Once Barner gets past Brewer, there's a ton of open space. Credit Cardinals receiver Brittan Golden for hustling on the play and making a touchdown-saving tackle. According to NFL's Next Gen Stats, Barner ran a total of 114.2 yards on the play and Golden ran 131.8 to tackle him. 

Three plays later, Wentz hit Zach Ertz for a 11-yard touchdown to put the Eagles up 14-0. It doesn't happen that easily without this big play. 

"He had a heckuva return, man," Maragos said. "He did it all." 

This next play is the 51-yard field goal attempt the Cardinals tried at the end of the first half. The Eagles were up 21-7 at this point, but this was a chance for Arizona to finish out the half scoring the last 10 points. Didn't happen. Patrick Robinson (circled) is about to get around the corner and make a play. 

Malcolm Jenkins, who lined up to Robinson's right, actually makes the play. He rushes so hard inside that Jared Veldheer, who struggled against Brandon Graham at right tackle all day, has to get inside to block him. Veldheer isn't going to touch Robinson. 

The rest is just an extremely athletic play from the veteran cornerback Robinson. He nearly goes full Superman to block this one. He doesn't need to leave his feet but Robinson leans in hard to get a big piece of it. 

Instead of going into the half on a 10-0 run, the Cardinals went into the locker room on this note. To start the third quarter, the Eagles drove down the field and kicked a field goal of their own. That was a six-point swing that made it almost impossible for the Cardinals to come back. 

After Jake Elliott made a 36-yard field goal to put the Eagles up 24-7, he gets set to kick it off. In this game, the Eagles did something a little different. Instead of kicking balls deep into the end zone to force touchbacks, Malcolm Jenkins said the players "challenged" the coaches to let them make plays. So Elliott took something off most of his kickoffs and allowed his group to make plays. They did. 

The placement of this ball from Elliott was masterful. It landed just inside the goal line, which made return man Kerwynn Williams think about it. He stuttered leaving the end zone, which was a fatal mistake. Two of the Eagles' best special teams players -- Kamu Grugier-Hill and Chris Maragos -- are coming in hot. 

As Williams starts to come out of the end zone, Grugier-Hill and Maragos (both circled) have already beaten their blockers and have just the upback in their way. He's not going to be able to stop them.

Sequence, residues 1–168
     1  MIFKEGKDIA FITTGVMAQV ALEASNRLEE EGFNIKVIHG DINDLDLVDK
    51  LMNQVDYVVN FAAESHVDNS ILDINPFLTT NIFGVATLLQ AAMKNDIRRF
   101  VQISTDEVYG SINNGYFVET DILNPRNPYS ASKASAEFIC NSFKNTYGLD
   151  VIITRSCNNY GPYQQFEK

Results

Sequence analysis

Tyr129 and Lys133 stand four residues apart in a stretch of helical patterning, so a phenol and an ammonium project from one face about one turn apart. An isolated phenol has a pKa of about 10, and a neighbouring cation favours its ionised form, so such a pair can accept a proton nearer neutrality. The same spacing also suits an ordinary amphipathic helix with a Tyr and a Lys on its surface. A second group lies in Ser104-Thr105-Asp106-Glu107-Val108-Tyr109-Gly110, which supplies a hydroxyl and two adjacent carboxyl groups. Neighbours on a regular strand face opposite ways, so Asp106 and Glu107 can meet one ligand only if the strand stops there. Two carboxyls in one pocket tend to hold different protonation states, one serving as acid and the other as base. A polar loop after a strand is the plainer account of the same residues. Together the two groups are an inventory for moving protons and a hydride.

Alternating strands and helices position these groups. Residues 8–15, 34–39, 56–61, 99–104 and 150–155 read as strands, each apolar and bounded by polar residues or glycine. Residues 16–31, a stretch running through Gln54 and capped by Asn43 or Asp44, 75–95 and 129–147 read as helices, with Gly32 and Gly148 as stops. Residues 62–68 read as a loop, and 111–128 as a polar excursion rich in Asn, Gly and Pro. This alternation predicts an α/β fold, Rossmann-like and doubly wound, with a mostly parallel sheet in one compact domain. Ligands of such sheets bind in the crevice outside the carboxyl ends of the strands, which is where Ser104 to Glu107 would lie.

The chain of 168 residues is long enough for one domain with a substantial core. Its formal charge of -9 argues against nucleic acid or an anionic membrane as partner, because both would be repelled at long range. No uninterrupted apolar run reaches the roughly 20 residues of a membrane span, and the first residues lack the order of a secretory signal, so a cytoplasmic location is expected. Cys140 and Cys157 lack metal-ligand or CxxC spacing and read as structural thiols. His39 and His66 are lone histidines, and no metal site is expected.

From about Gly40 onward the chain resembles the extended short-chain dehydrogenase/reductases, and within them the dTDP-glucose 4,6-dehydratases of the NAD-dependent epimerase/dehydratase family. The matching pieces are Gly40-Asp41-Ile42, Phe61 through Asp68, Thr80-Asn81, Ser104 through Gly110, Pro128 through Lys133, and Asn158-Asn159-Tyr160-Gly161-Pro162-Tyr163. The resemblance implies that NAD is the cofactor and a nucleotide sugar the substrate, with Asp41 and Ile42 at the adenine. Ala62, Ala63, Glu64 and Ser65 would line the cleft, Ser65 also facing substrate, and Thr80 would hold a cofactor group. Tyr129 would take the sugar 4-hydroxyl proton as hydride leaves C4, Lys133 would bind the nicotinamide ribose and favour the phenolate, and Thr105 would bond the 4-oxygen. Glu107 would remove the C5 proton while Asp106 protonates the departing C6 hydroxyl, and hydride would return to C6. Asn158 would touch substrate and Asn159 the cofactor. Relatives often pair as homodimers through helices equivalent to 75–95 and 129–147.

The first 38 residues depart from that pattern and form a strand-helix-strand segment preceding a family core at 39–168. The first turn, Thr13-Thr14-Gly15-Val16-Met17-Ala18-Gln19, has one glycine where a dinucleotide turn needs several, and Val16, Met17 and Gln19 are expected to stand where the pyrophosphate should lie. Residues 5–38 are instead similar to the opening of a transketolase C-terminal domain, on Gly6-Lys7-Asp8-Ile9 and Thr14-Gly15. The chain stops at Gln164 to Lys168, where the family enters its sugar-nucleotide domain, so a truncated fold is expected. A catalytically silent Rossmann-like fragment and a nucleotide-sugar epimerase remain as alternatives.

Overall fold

Grugier-Hill was coming head on and forced Williams to bounce to this left. That's where Maragos simply went around the upback and, with the help of McDougle, took down Williams at the 13-yard line. Aside from two punts that dropped the ball at their own 10-yard line, this was the worst starting position of the day for the Cards. 

The Cardinals' average starting position on Sunday was at their own 19-yard line and their average starting position on kickoffs was at their own 21-yard line. The Eagles gambled a little on Sunday, but it paid off. 

"I think for us, we've got guys that take a lot of pride in what they do and we've got a lot of talent out there," Maragos said. "And anytime we can get out there and cover and spark our team and give them a bit of excitement and start them backed up, it changes the way their offense is going to attack our defense. 

"And on the flip side of that too, if our defense can get 3-and-outs, which they did, they're punting the ball back to us and now we're getting better field position." 

After Sunday's game, Wentz said he "absolutely" enjoys wins more when all three phases play a role. That's what happened against the Cardinals. While offense and defense normally get all the love, the Eagles' special teams unit continues to thrive. 

Kenjon Barner displaying return skills passed down by Darren Sproles

Kenjon Barner displaying return skills passed down by Darren Sproles

The Eagles' punt-return unit takes the field. Darren Sproles catches the football, makes a man miss, and he’s off to the races again.

Only thing is ... it wasn't Sproles on Sunday vs. Arizona. On Sunday, it was Kenjon Barner.

Barner ripped off a 76-yard return and was finally pulled down at the 15-yard line, setting up an Eagles touchdown three plays later. And like so many huge returns and momentum shifts before, it may not have happened without Sproles.

Who do you think taught Barner that?